Expression systems based on well-characterized promoters such as Plac or Ptac are widely used (Dykxhoorn et al., 1996), but have had limited success in the Burkholderiales (Lefebre and Valvano, 2002). Likewise, for strain Cs1-4, Rluc was weakly expressed under control of Plac, as Rluc activity was ca. 2,500-fold lower than that from PnpdA:rluc. An alternative approach is to use promoters that originate from the Burkholderiales, and one example is the promoter regulating expression of small ribosomal protein S12 (Prsp). The latter promoter has been successfully utilized in Burkholderia xenovorans LB400 (Yu and Tsang, 2006) and in B. cepacia (Lefebre and Valvano, 2002). However, in strain Cs1-4, gene expression under Prsp was poor, and not significantly different from that of Plac (data not shown). Thus, demonstration of PnpdA as a strong promoter functional in Delftia sp. Cs1-4 has provided a much-needed tool for genetic analyses of this organism, and potentially other related bacteria.

The Δomp32 mutant had an irregular cell shape (Figure 3B), suggesting that Omp32 may have a key role in establishment of cell envelope structure, as shown for other outer membrane proteins (Lazar and Kolter, 1996; Watts and Hunstad, 2008). Analysis of the Δhcp mutant demonstrated that, as opposed to our hypothesis, Hcp did not have a structural function essential for nanopod formation. However, Western blot data indicated that Hcp was associated in some manner with nanopods as the majority of this protein accumulated in the >50-nm diameter fraction along with nanopods (data not shown). It is possible that Hcp was secreted separately from nanopods, and formed extracellular structures that were co-purified with nanopods. If so, such structures were not discernable in samples imaged by transmission electron microscope. Alternatively, Hcp may be associated with nanopods as cargo carried by OMV. In this case, Hcp may function as a virulence factor that may be employed by strain Cs1-4 in interactions with competing bacteria, as has been shown for T6SS in other bacteria (Schwarz et al., 2010; Leung et al., 2011; Records, 2011). Lastly, for the ΔlasI mutant, the absence of any detectable change in the formation of nanopods suggested that the process was not affected by quorum sensing, at least in the sense that it was regulated by AHL produced by a canonical AHL synthetase. This finding is noteworthy as it helps to narrow the spectrum of possible mechanisms that may control nanopod production.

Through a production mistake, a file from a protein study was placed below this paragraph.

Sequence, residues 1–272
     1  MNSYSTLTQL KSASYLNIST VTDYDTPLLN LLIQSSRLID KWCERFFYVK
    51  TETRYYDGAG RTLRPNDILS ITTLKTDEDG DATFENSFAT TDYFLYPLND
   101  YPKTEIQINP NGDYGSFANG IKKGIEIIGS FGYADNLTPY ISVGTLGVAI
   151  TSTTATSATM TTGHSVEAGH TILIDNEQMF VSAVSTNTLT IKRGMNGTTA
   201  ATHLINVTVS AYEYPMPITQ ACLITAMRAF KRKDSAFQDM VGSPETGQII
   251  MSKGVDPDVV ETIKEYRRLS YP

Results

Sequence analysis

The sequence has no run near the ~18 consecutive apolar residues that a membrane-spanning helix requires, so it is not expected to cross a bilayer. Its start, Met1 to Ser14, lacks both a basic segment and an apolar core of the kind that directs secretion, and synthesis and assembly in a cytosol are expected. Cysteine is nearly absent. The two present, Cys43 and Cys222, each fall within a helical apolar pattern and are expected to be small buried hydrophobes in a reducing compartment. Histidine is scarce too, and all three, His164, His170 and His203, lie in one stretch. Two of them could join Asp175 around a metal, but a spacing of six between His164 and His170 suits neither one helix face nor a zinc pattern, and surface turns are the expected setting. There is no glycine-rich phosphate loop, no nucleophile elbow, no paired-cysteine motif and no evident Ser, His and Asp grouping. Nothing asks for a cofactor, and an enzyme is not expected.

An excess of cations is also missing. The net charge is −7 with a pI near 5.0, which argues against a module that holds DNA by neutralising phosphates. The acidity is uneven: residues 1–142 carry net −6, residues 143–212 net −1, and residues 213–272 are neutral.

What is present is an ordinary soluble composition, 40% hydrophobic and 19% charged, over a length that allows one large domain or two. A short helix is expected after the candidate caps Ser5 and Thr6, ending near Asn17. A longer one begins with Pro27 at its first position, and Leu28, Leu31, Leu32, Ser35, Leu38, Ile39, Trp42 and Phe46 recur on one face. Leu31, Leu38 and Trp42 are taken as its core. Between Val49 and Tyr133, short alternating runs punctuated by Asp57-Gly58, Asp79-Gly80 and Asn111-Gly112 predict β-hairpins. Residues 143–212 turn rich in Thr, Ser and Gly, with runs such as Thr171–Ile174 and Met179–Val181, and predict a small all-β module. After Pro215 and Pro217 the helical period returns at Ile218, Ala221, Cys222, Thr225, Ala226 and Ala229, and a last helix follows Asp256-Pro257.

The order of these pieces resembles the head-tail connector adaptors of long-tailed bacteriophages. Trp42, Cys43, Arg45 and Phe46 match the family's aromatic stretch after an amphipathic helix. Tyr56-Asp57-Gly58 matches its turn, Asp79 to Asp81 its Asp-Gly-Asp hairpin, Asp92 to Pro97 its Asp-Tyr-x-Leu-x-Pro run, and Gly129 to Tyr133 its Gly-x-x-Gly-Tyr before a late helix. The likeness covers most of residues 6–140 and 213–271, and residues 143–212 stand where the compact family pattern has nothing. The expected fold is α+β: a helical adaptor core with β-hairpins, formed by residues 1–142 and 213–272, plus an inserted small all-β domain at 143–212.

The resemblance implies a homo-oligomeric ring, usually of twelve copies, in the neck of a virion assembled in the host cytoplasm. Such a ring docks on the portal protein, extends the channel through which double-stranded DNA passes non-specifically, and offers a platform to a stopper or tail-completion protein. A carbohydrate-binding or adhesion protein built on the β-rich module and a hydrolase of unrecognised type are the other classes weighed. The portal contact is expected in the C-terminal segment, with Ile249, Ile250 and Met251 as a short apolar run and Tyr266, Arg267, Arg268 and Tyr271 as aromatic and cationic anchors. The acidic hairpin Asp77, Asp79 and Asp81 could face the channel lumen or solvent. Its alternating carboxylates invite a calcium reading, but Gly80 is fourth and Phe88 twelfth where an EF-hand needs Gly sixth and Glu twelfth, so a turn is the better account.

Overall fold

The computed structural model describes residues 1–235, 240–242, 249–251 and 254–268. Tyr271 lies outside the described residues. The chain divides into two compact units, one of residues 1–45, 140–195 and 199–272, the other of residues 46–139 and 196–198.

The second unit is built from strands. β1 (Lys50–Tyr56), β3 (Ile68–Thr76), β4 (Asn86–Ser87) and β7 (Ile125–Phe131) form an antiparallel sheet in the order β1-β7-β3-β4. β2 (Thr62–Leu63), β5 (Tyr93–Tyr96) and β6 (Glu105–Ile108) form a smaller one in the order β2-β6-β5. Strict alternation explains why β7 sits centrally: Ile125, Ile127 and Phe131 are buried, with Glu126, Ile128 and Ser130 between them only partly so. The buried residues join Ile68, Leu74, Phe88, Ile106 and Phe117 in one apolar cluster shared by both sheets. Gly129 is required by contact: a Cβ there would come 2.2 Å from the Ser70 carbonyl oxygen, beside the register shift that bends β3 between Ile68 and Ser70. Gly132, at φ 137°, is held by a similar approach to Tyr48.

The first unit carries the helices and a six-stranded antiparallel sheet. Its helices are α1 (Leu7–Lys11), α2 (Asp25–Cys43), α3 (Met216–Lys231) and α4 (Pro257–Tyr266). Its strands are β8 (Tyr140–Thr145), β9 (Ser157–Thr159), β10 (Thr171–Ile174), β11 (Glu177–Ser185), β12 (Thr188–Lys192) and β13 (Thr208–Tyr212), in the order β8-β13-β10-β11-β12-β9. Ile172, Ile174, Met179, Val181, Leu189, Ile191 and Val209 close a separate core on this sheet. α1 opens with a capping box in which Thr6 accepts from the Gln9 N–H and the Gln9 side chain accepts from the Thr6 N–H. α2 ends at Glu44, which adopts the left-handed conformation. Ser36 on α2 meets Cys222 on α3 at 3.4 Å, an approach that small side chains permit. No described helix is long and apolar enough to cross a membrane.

Efficient targeting for gene inactivation is critical for functional genomic studies and, in bacteria, two widely used systems for generating in-frame, unmarked deletions are those based on sacB counter selection (Jäger et al., 1995; Chen et al., 2010), and Cre-loxP system (Denef et al., 2006; Choi et al., 2008). For strain Cs1-4, the sacB system proved unsuccessful; merodiploids (first recombination) were recovered at a high frequency, but these were not effectively resolved as Delftia sp. Cs1-4 grew in YT agar medium containing 5–15% (wt/vol) sucrose (data not shown). Similar observations have been reported for Streptomyces lividans and some Burkholderia strains, which carry an intrinsic sacBC operon. Alternatively, Cre-loxP system was successfully adapted for gene deletion or insertion, and was an efficient way for recycling antibiotic markers in Delftia sp. Cs1-4. To our knowledge, this is the first report of the Cre-loxP system being used for gene deletion analysis in Delftia spp.